Courts are still deciding which activities will be considered “protected” for purposes of triggering a whistleblower claim under the Sarbanes-Oxley Act (SOX). A recent case in which an administrative law judge for the U.S. Department of Labor rejected a SOX whistleblower claim provides further guidance on which activities are protected by the statute. See Naomi Williams-Wilson v. NDC Health Corp., 2005-SOX-00097 (Jan. 31, 2007).

SOX Whistleblower Protection

Employees of companies subject to SOX, who believe they may have suffered retaliation because they engaged in “protected” whistleblower activity, may assert a claim under the SOX whistleblower provision. SOX prohibits employer retaliation against an employee who provides information or assists in an investigation regarding conduct that the employee reasonably believes is a violation of the federal laws and regulations listed in the whistleblower provision.

For an employee’s activity to be protected by SOX, the employee must: (1) reasonably believe the company’s conduct violates one of the federal laws and regulations listed in the SOX whistleblower provision; and (2) express concern over the perceived violation. Henrich v. ECOLAB, Inc., ARB No. 05-030, ALJ Case No. 04-SOX-51 (June 29, 2006). Both the reasonable belief and the express concern requirements must be met to establish “protected activity” under SOX. Id. “The reported information must have a certain degree of specificity [and] must state particular concerns, which, at the very least, reasonably identify [the company’s] conduct that the complainant believes to be illegal.”

The Williams-Wilson Decision

Employee Naomi Williams-Wilson worked as a financial analyst for NDC Health Corp., where her job duties included finding billing errors in customers’ accounts and reporting the errors to management so that they could be corrected. About six months after starting work, Ms. Williams-Wilson filed a complaint with the U.S. Department of Labor, alleging that she was subjected to “general harassment” and was “being forced to quit” for having reported billing discrepancies and other practices made unlawful under SOX.

After hearing the evidence, the ALJ rejected Williams-Wilson’s SOX whistleblower claim, ruling that she did not prove that she engaged in protected activity. Although Williams- Wilson reported what she considered to be questionable financial actions by NDC, she did not indicate to NDC that she believed these discrepancies violated the federal laws and regulations listed in the SOX whistleblower provision. Id. at *39. This second element was particularly important in this case because reporting financial discrepancies was at the core of Williams- Wilson’s job duties as a financial analyst. Id. at **21-22. Unless she informed her employer that she believed the company had defrauded its shareholders or had engaged in other illegal activity prohibited by SOX, the company would have no way of knowing that was her intent. Id. at *39; see also Fraser v. Fiduciary Trust Co. Int’l, 417 F. Supp.2d 310, 322-24 (S.D.N.Y. 2006) (to establish protected activity under SOX, an employee must communicate to employer his belief that the company is in violation of a federal rule or law related to fraud on shareholders).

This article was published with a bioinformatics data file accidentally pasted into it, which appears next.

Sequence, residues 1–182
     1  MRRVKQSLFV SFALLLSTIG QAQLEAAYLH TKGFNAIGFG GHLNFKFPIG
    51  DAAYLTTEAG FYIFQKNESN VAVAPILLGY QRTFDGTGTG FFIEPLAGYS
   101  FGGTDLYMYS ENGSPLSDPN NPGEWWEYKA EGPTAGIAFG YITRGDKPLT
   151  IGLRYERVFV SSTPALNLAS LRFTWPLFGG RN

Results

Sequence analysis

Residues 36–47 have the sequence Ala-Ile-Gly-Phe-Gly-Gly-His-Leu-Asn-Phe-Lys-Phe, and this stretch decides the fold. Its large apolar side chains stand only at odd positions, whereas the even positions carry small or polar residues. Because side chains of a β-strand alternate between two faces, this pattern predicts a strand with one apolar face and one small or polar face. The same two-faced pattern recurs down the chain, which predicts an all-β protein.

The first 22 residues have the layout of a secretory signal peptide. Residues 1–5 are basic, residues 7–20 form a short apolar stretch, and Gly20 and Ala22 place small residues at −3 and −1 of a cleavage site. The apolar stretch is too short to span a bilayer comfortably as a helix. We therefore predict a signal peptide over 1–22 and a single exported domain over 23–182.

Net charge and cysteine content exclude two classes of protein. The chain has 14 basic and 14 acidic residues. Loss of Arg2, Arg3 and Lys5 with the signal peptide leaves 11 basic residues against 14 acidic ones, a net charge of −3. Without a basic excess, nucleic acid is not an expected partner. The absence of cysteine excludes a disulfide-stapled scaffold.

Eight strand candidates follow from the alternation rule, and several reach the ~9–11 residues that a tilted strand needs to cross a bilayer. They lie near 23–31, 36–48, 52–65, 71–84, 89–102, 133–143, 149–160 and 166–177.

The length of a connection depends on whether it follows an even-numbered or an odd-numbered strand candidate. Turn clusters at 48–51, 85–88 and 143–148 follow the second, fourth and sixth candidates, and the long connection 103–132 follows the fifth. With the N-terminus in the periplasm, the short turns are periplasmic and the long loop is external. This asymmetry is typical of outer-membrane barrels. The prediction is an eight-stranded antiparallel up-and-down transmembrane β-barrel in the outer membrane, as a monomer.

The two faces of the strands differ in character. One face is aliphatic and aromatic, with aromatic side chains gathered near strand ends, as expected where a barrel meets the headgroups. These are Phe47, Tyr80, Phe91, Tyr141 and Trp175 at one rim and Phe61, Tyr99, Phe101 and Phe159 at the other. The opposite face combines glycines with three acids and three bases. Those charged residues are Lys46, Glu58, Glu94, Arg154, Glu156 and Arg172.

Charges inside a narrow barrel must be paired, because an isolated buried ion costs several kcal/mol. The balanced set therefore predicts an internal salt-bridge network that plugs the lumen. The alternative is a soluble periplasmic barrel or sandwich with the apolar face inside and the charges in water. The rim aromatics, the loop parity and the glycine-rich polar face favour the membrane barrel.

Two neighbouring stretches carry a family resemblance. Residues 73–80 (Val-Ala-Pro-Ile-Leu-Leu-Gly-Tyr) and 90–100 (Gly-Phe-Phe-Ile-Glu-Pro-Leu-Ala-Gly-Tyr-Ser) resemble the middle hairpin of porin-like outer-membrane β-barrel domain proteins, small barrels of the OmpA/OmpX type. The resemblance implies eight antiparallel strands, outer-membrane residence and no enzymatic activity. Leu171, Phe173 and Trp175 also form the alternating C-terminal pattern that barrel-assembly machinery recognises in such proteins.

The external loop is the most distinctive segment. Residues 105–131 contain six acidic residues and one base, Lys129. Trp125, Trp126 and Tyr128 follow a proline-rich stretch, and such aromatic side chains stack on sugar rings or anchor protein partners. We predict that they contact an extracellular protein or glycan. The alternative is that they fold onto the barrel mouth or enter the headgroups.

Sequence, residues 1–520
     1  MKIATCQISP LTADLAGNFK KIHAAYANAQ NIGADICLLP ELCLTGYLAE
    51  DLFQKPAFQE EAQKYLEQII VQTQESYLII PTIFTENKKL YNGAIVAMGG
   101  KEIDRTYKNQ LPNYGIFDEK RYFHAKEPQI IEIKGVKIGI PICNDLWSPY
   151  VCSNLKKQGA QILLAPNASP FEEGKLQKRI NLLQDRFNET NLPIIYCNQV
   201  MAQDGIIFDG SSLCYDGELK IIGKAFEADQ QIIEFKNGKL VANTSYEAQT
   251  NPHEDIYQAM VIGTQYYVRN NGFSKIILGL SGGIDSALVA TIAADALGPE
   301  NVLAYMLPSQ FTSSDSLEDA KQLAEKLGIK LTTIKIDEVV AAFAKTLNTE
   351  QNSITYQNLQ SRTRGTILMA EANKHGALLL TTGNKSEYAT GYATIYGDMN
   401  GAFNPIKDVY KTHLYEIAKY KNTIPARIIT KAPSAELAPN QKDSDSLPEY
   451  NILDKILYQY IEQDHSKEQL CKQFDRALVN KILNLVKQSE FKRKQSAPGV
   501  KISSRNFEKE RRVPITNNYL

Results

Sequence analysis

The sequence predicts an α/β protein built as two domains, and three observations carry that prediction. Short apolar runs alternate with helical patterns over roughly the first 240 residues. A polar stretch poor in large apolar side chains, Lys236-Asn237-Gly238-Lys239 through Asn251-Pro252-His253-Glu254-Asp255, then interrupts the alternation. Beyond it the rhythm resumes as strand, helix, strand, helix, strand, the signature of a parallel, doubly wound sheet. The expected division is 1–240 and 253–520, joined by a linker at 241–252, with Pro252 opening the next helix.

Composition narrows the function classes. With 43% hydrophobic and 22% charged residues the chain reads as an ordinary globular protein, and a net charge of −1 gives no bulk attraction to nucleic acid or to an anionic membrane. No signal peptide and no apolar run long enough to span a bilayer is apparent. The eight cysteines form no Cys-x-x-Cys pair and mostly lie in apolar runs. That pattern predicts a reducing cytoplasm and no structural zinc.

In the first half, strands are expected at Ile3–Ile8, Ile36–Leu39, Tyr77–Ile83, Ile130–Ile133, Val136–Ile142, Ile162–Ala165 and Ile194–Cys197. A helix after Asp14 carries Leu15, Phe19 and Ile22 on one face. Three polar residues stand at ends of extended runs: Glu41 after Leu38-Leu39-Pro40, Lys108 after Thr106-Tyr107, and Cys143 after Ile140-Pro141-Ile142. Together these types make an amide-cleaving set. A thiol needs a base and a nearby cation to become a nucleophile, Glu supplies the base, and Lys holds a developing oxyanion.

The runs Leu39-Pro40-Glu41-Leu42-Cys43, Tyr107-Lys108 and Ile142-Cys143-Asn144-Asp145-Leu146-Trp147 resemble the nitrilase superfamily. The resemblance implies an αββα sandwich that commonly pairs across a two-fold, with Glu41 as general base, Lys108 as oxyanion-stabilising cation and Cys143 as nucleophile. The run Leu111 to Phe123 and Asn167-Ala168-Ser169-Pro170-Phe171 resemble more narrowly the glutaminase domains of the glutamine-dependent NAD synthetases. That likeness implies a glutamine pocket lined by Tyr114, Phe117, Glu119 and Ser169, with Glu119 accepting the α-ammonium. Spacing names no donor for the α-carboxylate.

This decision may be appealed to the U.S. Department of Labor Administrative Review Board and from there to the U.S. Court of Appeals.

Employer Response

As employees make increasing use of the SOX whistleblower provisions, employers are finding it useful to consider implementing the same kind of reporting and investigation procedures that they use in connection with complaints of age, race, or gender discrimination. Depending upon each employer’s particular circumstances, these procedures could include:

  • A written policy prohibiting discrimination or retaliation against whistleblowers and delineating the procedures for employees to follow if they believe they have been subjected to discrimination or retaliation
  • A specified procedure for reporting alleged corporate misconduct
  • A commitment to investigate all complaints of corporate misconduct and to apprise the complaining employee of any resolution
  • A commitment to take appropriate action with respect to any retaliation against a complaining employee.